Regardless of how many new regulations, recommendations, suggestions, policies and procedures, and common-sense knowledge we implement, MRI safety accidents continue to increase. Some are startling. How is this happening? Are we so overworked, short staffed, and burned out that we have let our defenses down?
FDA regulations for reporting MRI accidents do not require reporting unless a patient or others are harmed.
In accordance with 21 CFR 803.30 (a), user facilities must submit an adverse event report to FDA and the manufacturer within 10 working days of becoming aware that:
- A device has or may have caused or contributed to the death of a patient at the facility
- A device has or may have caused or contributed to a serious injury to a patient at the facility.
Many interpret this further as a patient must be hospitalized for the accident to be reported. This has led to most of the reporting being anecdotal and never officially recorded – except on social media.
The most astonishing accident happened in January 2023 in Brazil, where a Brazilian lawyer died of injuries he sustained after he was shot by his own 9 mm handgun which he carried into the room. He was accompanying his mother during her MRI scan when his gun was pulled into the magnet and discharged. Both he and his mother signed forms acknowledging they understood the magnetic dangers and had removed any metallic objects.
Visitors to the MRI department pose a significant threat as they have not received any safety training. And first responders, like firefighters, security guards, and prison guards, in addition to family members, are another concern. We must defend against our own healthcare professionals and facility employees. Even our safety and technical engineers can be fooled, as was demonstrated recently when one engineer was working with equipment deemed MRI safe and the bolts/screws in the equipment detached themselves from the equipment – striking him in the face and shattering facial bones.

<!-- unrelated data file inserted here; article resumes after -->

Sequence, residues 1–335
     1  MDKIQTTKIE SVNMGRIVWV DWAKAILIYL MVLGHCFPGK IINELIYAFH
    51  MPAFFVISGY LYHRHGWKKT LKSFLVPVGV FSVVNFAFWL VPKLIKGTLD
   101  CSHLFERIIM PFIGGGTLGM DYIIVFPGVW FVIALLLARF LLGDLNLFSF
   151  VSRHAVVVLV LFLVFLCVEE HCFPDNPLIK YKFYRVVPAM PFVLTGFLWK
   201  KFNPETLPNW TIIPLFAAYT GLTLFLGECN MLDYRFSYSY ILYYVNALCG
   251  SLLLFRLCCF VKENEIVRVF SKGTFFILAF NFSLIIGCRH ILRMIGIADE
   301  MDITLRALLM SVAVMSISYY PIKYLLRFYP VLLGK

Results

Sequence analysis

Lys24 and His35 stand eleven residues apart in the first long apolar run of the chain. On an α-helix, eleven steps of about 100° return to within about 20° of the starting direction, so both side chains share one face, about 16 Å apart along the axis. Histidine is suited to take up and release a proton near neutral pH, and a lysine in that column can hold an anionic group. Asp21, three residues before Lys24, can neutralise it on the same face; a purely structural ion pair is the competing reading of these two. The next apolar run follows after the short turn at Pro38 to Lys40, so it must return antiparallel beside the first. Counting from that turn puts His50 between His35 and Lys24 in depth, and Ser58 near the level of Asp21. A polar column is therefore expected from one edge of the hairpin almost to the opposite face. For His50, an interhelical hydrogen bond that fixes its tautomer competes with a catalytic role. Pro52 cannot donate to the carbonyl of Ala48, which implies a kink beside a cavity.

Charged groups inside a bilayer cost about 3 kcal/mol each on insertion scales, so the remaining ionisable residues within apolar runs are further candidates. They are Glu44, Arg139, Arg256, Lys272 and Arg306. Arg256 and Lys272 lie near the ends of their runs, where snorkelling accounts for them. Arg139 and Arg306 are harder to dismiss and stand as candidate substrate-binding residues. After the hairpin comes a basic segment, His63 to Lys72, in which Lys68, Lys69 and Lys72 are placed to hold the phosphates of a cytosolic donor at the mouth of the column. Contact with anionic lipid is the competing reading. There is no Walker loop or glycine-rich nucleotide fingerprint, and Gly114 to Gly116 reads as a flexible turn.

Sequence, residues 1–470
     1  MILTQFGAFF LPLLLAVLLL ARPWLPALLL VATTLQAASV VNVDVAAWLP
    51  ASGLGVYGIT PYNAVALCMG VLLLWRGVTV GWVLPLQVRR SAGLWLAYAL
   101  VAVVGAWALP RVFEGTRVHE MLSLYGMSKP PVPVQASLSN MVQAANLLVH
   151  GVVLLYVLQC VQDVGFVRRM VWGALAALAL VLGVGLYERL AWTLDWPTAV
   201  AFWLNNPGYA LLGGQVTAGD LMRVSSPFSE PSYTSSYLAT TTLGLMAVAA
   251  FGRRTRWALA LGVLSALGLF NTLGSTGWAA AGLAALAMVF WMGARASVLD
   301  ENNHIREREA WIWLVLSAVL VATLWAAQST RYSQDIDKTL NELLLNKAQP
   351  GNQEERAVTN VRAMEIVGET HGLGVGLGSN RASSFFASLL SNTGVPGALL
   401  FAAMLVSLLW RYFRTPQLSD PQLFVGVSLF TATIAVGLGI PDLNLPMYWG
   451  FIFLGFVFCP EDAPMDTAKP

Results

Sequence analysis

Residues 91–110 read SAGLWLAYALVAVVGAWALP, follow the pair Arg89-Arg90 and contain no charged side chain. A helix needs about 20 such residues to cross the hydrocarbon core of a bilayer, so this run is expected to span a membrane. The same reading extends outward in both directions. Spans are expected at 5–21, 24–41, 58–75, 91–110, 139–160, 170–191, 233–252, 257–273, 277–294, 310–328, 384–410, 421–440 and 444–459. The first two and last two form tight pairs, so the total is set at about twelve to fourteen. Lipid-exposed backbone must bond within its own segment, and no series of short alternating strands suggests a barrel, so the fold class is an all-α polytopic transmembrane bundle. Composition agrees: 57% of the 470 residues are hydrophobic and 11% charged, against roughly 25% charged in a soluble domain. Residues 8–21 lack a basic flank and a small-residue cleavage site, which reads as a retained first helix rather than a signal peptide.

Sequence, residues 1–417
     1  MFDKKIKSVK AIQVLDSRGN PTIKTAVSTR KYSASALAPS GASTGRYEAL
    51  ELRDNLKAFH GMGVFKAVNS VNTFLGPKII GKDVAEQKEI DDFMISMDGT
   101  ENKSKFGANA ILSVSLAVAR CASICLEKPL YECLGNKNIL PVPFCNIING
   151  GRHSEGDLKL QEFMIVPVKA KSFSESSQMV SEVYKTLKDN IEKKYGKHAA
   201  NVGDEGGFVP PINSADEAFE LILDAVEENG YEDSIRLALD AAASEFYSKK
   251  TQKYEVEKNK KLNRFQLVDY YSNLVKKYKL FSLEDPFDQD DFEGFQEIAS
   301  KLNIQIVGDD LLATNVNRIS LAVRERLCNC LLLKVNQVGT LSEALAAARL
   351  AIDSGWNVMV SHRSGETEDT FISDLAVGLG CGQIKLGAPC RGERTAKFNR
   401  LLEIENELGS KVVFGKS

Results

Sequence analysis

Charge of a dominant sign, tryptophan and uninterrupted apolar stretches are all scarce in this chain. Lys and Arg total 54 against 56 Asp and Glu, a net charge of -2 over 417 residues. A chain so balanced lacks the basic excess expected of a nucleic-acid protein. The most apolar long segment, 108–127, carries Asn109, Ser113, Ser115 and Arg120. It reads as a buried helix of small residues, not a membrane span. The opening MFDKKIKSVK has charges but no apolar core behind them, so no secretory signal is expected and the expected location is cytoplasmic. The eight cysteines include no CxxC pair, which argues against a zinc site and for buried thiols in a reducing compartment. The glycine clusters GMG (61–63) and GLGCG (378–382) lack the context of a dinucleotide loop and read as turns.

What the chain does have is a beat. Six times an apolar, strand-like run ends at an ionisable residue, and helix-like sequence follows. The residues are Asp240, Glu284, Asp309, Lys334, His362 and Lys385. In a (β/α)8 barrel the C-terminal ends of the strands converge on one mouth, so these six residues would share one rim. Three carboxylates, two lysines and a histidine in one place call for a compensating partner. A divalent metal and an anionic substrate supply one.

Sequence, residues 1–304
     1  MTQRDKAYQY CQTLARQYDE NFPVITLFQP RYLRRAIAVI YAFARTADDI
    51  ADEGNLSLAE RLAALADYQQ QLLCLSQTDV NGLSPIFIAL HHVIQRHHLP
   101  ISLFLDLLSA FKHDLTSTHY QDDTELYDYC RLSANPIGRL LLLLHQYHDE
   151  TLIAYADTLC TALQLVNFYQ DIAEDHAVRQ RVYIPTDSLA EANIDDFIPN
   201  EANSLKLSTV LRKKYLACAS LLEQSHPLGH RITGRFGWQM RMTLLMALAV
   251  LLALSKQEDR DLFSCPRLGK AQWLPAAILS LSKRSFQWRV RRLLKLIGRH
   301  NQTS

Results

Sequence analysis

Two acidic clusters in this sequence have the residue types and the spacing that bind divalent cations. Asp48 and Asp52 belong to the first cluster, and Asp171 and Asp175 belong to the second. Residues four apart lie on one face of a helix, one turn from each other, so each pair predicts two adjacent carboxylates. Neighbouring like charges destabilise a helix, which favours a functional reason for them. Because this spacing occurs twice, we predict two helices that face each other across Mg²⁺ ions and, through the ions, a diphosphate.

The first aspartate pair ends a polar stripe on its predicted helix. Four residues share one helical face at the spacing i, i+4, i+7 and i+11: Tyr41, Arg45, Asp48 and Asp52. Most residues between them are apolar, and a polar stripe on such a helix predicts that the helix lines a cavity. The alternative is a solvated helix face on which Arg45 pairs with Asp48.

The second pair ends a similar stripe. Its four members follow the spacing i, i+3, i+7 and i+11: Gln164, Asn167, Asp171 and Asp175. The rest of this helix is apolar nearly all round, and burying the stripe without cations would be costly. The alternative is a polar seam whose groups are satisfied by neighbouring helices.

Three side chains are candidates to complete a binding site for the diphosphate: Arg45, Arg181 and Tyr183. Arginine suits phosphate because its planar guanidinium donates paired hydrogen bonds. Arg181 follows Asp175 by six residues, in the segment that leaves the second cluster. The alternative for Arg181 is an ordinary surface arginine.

Recommendations have been made for two MRI technologists to be assigned to each unit, assuring an MRI safety trained technologist will be at the equipment to prevent entry by unauthorized or unknowing individuals. This was recently demonstrated at the Arizona Department of Corrections when the only MRI technologist on duty was called away to assist the CT technologist, and an armed prison guard entered the area with his shackled prisoner. Both were injured and pinned to the magnet.
Many of the accidents reported on social media involve hospital personnel who should have known the rules for magnetic safety. Many of these accidents can be attributed to a phenomenon called “perceptual blindness.” It is a reality that when an individual is surrounded by a normal situation, he sees what he expects to see. It is a documented problem with lifeguards who must be trained to see the body at the bottom of the pool. It is a problem with soldiers who are trained to look for the “bad guy” and miss seeing the bomb in the room. Misinformation, lack of information, and perceptual blindness can lead a healthcare worker to miss the obvious.
Evidently licensing and accreditation are not insurance against safety issues. It requires a commitment to safety and training. The elements of responsibility for safety cannot rest on the shoulders of a single MRI technologist. There must be structure, supervision, management policy, regulation, and diligence. I have included a few anecdotal pictures from social media chronicling the most recent events.
Since We Were Gone – April MRI Safety Events Update Reported to the FDA
In the April FDA reports there are reports of burns, the butt plug projectile, the service engineer injured trying to pry a walker off the magnet, hearing damage to a patient not shown how to properly place foam ear plugs, a patient death associated with a defib patient who died during MRI, a service engineer injured when a magnetic part of a table assembly came loose during servicing, and magnetic displacement of a cochlear implant.
In case you missed it on Twitter, the story of the butt plug in the MRI field has been reported to the FDA as an injury to the patient. This, obviously, will generate another question on the MRI screening form about unusual artifacts in your body. The realities grow grimmer every day.